WVU journalism professor publishes true-crime story, “American Pain”

Courtesy WVU Reed College of Media
John Temple details how twin brothers Chris and Jeffrey George ran pill mills that led to the formation of hundreds of pain clinics in his forthcoming book, ‘American Pain.’

A West Virginia University professor tells the story of a convicted Floridian felon and his twin brother who ran pill mills that started hundreds of pain clinics in his forthcoming book, “American Pain.”

John Temple, an associate professor at the WVU Reed College of Media, details how twin brothers Chris and Jeffery George made $40 million in two years through illegal pain clinics in his latest book, a true-crime story due out next month. Now serving 17 ½ and 15 ½ years in jail, respectively, the two opened up to Temple to tell their story of how they operated a seemingly legal pain clinic in broad daylight.

The brothers hired doctors and bought painkillers from wholesalers to distribute indiscriminately to almost any patient, or addict, who walked through their clinic doors, Temple explained. The George twins had no idea how successful their business would be.

“It took them by surprise,” Temple said. “When they started it, they didn’t believe it was going to be that big of a deal. They thought of it as another business.”

The twins operated four clinics: American Pain, Hallandale Pain, Executive Pain and East Coast Pain.

“They knew what they were doing but they thought it was legal a lot of the time because no one really shut them down,” Temple said. “They were operating out in the open.”

Following the likes of the original clinic, American Pain, hundreds of other clinics opened to create a new prescription drug industry.

Today, West Virginia has the highest overdose fatality rate, with 32 deaths per 100,000 people in 2012, according to the Centers for Disease Control and Protection.

The majority of the prescription painkillers distributed at the clinics would make their way north of Florida to fuel the addicts in Appalachian states.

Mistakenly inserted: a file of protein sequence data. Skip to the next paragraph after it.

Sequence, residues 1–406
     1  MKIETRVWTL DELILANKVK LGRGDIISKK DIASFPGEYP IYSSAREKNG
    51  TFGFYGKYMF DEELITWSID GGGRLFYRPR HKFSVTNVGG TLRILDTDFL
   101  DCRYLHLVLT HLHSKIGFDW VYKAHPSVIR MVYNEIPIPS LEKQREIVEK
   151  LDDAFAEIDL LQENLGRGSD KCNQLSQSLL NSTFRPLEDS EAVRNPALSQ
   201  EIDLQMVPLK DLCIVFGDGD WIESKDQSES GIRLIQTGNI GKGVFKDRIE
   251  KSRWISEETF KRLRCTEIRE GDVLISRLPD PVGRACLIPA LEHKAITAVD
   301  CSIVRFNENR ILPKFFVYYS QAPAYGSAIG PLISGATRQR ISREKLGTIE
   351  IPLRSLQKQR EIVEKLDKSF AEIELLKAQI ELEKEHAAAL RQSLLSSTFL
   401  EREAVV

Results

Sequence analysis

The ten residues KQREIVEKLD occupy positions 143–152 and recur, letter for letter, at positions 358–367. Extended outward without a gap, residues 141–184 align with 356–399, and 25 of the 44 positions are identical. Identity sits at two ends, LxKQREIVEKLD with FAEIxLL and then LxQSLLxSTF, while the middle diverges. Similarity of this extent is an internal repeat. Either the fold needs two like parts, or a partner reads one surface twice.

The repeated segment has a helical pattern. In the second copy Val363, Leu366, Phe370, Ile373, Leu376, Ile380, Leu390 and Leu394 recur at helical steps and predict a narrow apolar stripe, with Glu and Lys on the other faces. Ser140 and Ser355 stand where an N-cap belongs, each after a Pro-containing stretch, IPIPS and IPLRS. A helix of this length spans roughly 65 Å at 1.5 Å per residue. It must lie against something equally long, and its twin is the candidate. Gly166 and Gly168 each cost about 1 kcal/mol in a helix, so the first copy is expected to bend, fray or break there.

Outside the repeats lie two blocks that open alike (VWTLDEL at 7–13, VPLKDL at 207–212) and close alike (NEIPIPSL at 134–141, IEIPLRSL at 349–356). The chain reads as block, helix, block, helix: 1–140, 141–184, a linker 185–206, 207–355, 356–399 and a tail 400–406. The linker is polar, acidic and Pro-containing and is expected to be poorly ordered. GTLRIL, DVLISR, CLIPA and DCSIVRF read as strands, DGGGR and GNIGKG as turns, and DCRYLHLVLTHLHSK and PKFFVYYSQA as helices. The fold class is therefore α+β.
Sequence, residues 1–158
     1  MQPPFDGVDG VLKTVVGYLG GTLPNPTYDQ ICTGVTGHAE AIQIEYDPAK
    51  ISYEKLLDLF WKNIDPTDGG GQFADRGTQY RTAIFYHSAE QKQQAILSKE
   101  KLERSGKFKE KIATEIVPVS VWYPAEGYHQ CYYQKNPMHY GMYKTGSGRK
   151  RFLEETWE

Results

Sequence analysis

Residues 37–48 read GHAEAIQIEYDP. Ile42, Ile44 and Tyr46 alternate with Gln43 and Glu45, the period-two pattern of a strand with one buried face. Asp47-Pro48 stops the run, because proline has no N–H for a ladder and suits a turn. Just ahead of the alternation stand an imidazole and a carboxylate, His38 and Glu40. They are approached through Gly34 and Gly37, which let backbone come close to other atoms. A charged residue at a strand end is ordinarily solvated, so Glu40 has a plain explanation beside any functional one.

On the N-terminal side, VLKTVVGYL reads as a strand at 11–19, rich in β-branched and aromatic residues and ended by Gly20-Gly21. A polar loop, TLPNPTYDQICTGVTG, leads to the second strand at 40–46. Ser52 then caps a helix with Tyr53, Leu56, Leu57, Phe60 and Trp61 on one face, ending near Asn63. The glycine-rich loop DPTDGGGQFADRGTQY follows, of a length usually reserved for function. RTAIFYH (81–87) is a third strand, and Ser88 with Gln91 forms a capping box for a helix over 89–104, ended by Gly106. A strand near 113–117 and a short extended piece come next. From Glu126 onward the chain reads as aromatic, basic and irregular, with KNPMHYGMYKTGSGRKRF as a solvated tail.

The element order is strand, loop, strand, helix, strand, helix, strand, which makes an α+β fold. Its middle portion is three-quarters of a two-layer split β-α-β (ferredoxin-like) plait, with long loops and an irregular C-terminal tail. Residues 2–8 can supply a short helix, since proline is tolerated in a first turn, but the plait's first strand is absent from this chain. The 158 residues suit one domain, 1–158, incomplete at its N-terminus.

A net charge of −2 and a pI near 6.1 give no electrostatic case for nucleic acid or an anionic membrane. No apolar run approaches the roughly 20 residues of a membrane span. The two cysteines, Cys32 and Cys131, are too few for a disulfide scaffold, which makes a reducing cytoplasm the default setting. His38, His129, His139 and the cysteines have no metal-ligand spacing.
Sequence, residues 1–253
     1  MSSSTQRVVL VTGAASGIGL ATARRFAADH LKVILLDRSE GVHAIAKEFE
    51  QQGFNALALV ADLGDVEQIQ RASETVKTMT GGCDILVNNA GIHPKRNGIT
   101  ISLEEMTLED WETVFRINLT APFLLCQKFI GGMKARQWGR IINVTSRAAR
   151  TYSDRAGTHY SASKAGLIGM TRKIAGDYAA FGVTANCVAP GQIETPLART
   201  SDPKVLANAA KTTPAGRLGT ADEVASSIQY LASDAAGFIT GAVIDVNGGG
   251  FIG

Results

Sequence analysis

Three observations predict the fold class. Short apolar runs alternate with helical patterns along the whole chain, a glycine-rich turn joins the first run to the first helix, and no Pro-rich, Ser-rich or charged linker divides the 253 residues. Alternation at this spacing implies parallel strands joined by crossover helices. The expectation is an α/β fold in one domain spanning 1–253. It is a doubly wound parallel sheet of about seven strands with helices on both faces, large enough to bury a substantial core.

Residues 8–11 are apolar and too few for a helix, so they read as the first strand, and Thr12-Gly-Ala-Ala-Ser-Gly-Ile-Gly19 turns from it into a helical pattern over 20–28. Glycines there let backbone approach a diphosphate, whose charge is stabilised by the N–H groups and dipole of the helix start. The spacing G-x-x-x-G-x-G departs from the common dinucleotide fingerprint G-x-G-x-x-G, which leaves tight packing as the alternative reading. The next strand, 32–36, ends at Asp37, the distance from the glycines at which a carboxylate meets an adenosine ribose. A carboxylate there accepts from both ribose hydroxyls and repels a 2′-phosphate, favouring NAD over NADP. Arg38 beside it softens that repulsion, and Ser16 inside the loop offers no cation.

“Most of the drugs that were being prescribed and sold were to people from Appalachian states, sadly,” Temple said. “They flooded our state.”

Not a school year goes by during which a student doesn’t approach Temple to tell him how they or their family has been affected someway by the painkiller epidemic.

“It infuriates me. It’s terrible. It didn’t need to happen. It’s something I see a lot and hear about a lot,” Temple said. “Twenty years ago, we didn’t hear about it a lot — not nearly as much as you hear about it now.”

While Temple acknowledges he is no policy expert, he believes awareness might be a good step to solving the painkiller epidemic. He believes part of the problem is the amount of misinformation surrounding opioid drugs. Although oxycodone is a legal prescription drug, it’s almost identical in its chemical makeup to heroin.

“There are people who would never dream of using heroin who might consider getting high off oxycodone,” Temple said. “It’s not something to mess around with.”

Temple, who also authored the narrative nonfiction books ‘Deadhouse’ and ‘The Last Lawyer,’ said his third book is his most expansive yet, with more characters and research.

Warner Brothers bought the rights to “American Pain.” Temple said he read over the script and is excited about the possibility of his book turning into a movie.

“I always thought it would be a great movie,” Temple said. “It’s a very visual story, with the doctors and the drugs and the guns and people driving in big groups to buy the drugs and bring them back up here and sell them.”

“American Pain” will be released Sept. 1, but can be preordered on Amazon.com. Temple will launch “American Pain” with a discussion and book signing at the WVU College of Law Event Center on Aug. 31 at 7 p.m.

For more information on “American Pain,” visit johntemplebooks.com

Contact writer Laura Haight at laura.haight@dailymailwv.com, 304-348-4872 or Follow her on twitter at @laurahaight_.

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